McDonald’s has started testing out drive-thrus that use artificial intelligence systems, rather than humans, to take orders. CNBC reported yesterday that the new automated drive-thrus are in use at 10 Chicago McDonald’s locations.
The new system is based on the voice platform built by Apprente, which McDonald’s acquired in 2019. According to McDonald’s, restaurants using the system are seeing an 85 percent order accuracy rate, with only about one-fifth of orders requiring human intervention.
AI-powered drive-thrus can reduce customer wait times and allow restaurants to shift its in-store workforce. A computer that understands natural language is always on and available to take orders. It could also be tied in with other automated systems that know a customer’s purchasing history to automatically make recommendations. With improved understanding accuracy, a restaurant would no longer need a dedicated person to take (or confirm) a drive-thru order, allowing more people to do more customer service or expedite orders.
McDonald’s CEO Chris Kempczinski told Alliance Bernstein’s Strategic Decisions conference that a big issue ahead for the AI-powered drive-thru is scaling. CNBC reports Kempczinski as saying “Now there’s a big leap from going to 10 restaurants in Chicago to 14,000 restaurants across the U.S., with an infinite number of promo permutations, menu permutations, dialect permutations, weather — and on and on and on.”
The Apprente acquisition appears to be working out better than Dynamic Yield, which McDonald’s also acquired in 2019. Dynamic Yield generated automated menu recommendations based on factors like weather, and was supposed to be integrated into self-service kiosks and drive-thrus as well. However, this tech didn’t yield the results McDonald’s was looking for and in March of this year The Wall Street Journal reported McDonald’s was looking to sell part of Dynamic Yield.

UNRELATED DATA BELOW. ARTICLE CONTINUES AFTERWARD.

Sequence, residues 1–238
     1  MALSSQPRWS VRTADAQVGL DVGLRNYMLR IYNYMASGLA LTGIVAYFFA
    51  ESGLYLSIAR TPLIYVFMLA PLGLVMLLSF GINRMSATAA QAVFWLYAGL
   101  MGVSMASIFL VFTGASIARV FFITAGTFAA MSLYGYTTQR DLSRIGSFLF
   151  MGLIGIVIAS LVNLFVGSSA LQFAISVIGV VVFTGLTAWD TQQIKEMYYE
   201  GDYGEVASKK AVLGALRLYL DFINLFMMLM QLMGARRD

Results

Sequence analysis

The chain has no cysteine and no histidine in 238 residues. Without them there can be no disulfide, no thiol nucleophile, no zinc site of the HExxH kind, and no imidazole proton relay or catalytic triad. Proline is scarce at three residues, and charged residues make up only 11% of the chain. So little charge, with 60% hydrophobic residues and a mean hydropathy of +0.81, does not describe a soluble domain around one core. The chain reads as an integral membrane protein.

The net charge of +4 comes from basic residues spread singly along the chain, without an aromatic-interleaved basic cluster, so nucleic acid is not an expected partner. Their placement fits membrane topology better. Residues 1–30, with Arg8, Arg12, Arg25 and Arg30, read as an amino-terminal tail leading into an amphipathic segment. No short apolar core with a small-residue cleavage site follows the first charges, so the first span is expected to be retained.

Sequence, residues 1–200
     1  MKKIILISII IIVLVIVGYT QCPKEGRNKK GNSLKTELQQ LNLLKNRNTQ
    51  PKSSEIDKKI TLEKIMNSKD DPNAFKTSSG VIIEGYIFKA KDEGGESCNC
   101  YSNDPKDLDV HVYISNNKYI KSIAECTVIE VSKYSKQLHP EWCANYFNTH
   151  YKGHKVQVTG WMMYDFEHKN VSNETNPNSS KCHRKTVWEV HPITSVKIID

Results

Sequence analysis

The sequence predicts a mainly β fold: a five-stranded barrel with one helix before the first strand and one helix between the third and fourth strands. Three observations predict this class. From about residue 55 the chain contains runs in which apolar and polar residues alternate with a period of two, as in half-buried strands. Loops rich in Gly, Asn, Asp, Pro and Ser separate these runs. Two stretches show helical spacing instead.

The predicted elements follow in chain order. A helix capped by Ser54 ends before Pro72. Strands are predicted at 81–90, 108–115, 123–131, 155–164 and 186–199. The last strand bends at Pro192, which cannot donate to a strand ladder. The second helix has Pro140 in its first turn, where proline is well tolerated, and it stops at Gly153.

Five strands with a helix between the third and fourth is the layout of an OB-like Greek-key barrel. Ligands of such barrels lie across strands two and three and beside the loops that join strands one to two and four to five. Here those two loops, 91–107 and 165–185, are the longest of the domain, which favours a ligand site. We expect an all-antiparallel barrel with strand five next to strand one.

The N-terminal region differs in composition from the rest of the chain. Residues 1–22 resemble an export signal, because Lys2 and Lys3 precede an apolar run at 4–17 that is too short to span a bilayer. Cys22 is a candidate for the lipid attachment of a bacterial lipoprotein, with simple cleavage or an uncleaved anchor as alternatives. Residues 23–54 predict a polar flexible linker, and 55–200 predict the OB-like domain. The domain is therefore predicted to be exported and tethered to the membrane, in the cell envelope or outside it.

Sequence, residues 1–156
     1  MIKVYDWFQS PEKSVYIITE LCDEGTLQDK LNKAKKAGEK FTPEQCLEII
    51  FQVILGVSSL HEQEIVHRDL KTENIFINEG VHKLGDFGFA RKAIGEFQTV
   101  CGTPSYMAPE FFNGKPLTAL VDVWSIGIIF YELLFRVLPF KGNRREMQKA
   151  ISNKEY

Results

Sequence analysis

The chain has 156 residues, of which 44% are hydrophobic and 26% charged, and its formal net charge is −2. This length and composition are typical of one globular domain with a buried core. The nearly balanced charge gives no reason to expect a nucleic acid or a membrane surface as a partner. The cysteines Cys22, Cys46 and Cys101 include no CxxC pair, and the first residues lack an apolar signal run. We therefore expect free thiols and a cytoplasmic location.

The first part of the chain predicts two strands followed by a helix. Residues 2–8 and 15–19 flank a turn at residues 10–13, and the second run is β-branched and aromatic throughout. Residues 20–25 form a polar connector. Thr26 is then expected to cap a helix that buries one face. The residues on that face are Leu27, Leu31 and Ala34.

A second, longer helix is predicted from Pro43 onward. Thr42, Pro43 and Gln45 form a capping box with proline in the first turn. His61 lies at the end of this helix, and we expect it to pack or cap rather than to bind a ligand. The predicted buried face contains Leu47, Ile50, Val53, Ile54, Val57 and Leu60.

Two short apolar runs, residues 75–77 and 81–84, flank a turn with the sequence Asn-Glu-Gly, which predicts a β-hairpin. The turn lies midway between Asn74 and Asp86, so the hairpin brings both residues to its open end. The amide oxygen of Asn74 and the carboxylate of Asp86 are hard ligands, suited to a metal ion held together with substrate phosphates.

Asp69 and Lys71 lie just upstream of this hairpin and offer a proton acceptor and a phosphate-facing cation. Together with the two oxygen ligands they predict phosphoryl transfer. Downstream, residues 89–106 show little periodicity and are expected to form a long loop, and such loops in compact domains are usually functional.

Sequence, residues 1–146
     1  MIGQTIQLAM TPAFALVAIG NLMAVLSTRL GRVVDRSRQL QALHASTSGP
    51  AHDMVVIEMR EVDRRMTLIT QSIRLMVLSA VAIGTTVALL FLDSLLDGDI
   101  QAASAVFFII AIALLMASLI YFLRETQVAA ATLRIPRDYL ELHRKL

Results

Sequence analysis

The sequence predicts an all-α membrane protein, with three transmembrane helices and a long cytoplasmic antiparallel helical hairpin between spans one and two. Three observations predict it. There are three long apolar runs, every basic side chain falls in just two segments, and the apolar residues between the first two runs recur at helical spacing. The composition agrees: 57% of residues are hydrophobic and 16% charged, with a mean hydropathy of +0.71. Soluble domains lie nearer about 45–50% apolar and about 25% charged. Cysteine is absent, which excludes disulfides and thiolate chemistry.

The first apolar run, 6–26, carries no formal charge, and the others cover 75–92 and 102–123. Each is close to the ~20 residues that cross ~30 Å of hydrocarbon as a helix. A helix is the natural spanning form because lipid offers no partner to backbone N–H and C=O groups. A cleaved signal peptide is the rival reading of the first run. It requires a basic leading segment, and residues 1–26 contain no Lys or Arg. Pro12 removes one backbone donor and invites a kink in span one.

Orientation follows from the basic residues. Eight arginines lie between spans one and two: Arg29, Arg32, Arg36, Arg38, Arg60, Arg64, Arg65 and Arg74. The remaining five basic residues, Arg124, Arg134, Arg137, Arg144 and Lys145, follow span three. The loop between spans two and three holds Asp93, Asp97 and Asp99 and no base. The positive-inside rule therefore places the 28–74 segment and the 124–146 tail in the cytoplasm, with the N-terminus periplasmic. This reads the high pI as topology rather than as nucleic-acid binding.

While McDonald’s Apprente acquisition may have pre-dated the pandemic, last year certainly accelerated the need for enhanced drive-thru technology as dining rooms were forced to shut down. In a February 2021 survey, BlueDot reported that 91 percent of respondents said they had visited drive-thrus the previous month and that long wait times were a “dealbreaker.” Most major QSRs have been doubling down on their drive-thru capabilities to meet this demand, adding capacity and building restaurants around takeout rather than dine-in.
In addition to adding AI assistants, McDonald’s has previously said that it will add other features to its drive-thru such as express lanes for digital orders and conveyor belts to carry food out to customers.
Kempczinski also told the conference that McDonald’s is also exploring ways to automate parts of the kitchen such as the grill or fryer. However he said any such move in the back of the house is still a more than five years out as the technology is too expensive right now.